Caitlin Moran is dangling a black bra from her arm with glee as she points out of the window at a Casino, “That’s where I gobbed off fat Tommy,” she says into a microphone. “I learnt a lesson that day. You can’t get the love of your life by gobbing off his best friend.”
I’m on a coach tour of Wolverhampton with star columnist and author Caitlin as the guide, and she’s just announced that her sister Caroline (Caz) has taken off her bra “because it’s more comfy”. Just in case we don’t believe her, she’s displayed said underwear to the entire coach-full of actors, crew and journalists.
This is the press launch for Caitlin and Caz’s new Midlands-set sitcom, Raised by Wolves, a show based on the duo’s own warm and chaotic childhood in a Wolverhampton council house with their six siblings.
“We’re not Northern twats, we’re not Southern twats, we’re Midlands twats” says mum Della in the first episode of the Channel 4 show. And that’s very much the spirit of today’s rather surreal trip down writer Caitlin’s funny, filthy memory lane.
As we sit on the coach eating packets of Channel 4-provided Walkers crisps like schoolchildren on a very unusual field trip, Caitlin— who now lives in North London’s middle class Crouch End— stands at the front with a microphone reeling off personal tales of the city in which she grew up.
For example, that red-brick Rubicon Casino where Fat Tommy had his fun, used to be the Dorchester nightclub and features in the final episode of the sitcom. According to Caitlin, it’s “the finest nightclub in all of the Midlands” and it’s there that the show’s precocious, boy-obsessed Germaine, based on Caitlin’s teenage self, discovers that kissing boys is actually pretty easy.
We’re barely into the centre of Wolvo (that’s what proper Midlands people call it, we’re told) before Caitlin, still in her furry leopard print coat, informs us that we’re approaching the place she started her first period; Central Library. “It happened as I was walking around with my dad, and I had to hide behind a rotating rack of of Ruth Rendell paperbacks.”
Not many people would stand in front of twenty plus strangers- men, women and even a small child- and casually talk about their first experience of menstruation. When asked about very un-British desire to talk about embarrassing things, Caitlin says, “ I’ve never seen a taboo that I didn’t want drag in the light.” And that attitude clearly inspires some of the best moments in Raised by Wolves, like when mum Della tells her daughter, “Nobody wants to be a woman, but men are too chicken shit to deal with it.”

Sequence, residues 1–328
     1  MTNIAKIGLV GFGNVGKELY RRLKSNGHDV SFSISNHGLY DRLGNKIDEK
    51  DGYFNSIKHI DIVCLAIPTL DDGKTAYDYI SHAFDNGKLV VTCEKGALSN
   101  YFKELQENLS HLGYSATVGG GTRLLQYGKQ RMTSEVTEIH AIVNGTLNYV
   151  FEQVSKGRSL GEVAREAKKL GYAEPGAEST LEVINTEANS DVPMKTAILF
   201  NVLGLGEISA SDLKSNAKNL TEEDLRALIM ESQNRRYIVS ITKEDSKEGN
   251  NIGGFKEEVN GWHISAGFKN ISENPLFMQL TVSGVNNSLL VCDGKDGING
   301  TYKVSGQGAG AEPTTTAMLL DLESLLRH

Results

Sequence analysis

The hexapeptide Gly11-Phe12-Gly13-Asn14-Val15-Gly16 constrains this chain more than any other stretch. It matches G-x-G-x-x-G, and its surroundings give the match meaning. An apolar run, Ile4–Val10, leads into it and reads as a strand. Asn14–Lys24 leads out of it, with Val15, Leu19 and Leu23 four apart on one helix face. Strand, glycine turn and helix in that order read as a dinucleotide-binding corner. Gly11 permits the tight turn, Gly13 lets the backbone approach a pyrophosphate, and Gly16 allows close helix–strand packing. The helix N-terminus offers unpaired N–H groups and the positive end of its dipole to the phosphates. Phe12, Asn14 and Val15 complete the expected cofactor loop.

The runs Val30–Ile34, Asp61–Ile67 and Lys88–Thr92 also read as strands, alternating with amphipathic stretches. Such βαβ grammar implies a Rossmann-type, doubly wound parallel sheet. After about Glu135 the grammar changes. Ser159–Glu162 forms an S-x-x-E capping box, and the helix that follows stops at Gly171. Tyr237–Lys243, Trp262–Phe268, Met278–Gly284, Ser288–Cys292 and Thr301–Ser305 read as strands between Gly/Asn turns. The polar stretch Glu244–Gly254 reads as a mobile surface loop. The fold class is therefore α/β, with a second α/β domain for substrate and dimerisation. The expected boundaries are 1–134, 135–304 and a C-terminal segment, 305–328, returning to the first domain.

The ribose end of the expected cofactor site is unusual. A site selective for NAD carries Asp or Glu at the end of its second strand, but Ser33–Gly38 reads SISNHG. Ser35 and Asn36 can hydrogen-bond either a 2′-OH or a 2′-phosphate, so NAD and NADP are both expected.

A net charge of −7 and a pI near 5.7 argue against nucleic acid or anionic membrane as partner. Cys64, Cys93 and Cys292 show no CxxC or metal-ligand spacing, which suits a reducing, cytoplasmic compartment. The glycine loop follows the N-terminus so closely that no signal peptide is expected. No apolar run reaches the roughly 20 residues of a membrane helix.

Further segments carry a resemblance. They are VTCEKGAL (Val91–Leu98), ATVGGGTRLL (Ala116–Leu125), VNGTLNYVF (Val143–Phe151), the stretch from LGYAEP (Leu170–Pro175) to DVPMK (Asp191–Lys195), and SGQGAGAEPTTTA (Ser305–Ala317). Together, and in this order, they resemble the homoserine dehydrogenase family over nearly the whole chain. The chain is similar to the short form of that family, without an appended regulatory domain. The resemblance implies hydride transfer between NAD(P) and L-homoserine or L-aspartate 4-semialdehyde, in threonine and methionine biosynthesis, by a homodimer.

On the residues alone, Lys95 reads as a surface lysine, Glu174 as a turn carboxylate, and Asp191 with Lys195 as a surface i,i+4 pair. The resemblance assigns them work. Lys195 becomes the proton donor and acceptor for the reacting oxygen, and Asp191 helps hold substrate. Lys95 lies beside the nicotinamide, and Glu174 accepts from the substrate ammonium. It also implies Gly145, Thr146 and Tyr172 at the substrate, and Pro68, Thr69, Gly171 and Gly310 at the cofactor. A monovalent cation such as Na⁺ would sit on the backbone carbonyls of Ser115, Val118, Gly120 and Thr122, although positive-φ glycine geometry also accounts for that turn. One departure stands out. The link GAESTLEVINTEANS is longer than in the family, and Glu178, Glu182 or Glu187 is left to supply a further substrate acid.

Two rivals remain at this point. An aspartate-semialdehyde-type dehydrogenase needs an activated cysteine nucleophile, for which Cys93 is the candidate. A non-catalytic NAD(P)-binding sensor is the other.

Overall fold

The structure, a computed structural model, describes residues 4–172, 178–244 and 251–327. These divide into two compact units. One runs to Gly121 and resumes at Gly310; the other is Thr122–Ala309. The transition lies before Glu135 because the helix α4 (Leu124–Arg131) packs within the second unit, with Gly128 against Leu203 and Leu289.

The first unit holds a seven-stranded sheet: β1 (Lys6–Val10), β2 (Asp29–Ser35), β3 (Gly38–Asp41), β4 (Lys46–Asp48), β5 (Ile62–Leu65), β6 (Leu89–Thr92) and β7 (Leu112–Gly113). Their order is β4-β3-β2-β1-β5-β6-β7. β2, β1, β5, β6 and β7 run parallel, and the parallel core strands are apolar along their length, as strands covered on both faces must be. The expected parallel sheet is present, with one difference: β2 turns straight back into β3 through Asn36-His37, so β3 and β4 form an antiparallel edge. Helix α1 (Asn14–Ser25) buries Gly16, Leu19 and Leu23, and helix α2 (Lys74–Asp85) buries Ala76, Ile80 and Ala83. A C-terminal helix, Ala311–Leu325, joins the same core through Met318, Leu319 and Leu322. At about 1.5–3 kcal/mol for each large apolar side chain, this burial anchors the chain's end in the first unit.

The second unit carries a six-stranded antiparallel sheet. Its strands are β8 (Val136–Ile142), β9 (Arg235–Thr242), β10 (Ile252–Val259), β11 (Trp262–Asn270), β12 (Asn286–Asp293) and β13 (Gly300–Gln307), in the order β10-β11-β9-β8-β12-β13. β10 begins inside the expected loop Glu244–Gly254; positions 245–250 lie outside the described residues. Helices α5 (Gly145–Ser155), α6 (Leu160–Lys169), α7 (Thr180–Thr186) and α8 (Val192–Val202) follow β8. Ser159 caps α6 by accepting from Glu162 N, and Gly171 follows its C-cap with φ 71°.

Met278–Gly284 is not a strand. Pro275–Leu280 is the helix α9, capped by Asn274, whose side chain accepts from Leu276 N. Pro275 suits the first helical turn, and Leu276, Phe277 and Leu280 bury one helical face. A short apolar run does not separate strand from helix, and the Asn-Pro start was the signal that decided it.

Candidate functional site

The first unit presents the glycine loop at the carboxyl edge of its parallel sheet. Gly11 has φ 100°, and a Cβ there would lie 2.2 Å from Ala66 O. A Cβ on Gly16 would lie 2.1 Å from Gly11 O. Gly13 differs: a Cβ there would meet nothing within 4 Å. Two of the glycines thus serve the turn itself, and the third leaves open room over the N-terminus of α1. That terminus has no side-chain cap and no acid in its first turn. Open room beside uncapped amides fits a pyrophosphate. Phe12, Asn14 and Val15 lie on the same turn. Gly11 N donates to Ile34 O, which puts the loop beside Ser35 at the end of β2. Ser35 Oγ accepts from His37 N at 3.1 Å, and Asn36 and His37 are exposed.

And Caitlin’s love of taboo-breaking, along with hard graft and writing talent, is why at only 39 years old, she has two columns in The Times, three bestselling books, a comedy tour, two screenplays-in-progress and now a sitcom under her belt.
When I interviewed her a year ago, Caitlin said: “My friend, Doctor Who writer Russell T Davies, gave me a brilliant bit of advice— when you get hot, there’s a year where you can get anything off the ground, and even though it will kill you, just sign those contracts because in two years time you might not be as hot and it’ll be 10 times harder”. And it’s clear that Raised by Wolves, a six-part show for Channel 4, has been born of this full-throttle approach.
But today, Caitlin’s main aim is to show us that Wolvo is not worthy of all the mocking it gets. She says that its bad press is down to the fact that it was the first place Queen Victoria visited after she’d been in mourning for Prince Albert. When she took train from London and got into the city, she asked her people to draw the curtains because it was too depressing. Whether it was grief or Wolverhampton that did it, the reputation has stuck.
Now well and truly in the Wolvo city centre, we pass Blunts shoes, Pets and Patios and JC’s hair (or Jesus Christ’s hair, as our tour guide calls it), all of which spark off-the-cuff memories for Caitlin about puberty, drinking and boys. Of all the Black Country I’ve seen so far, which is admittedly very little, I feel most drawn to the Hells Angels headquarters where there’s a huge ‘welcome’ sign and a basketball net. “I like the idea of Hells Angels playing ball while smoking their crack,” says Caitlin to her giggling audience.
Kasia is a TV, film and arts journalist who writes news, feautures and comment. She spends a lot of time feeling nostalgic about 90s American films and working her way back through the Desert Island Discs archive.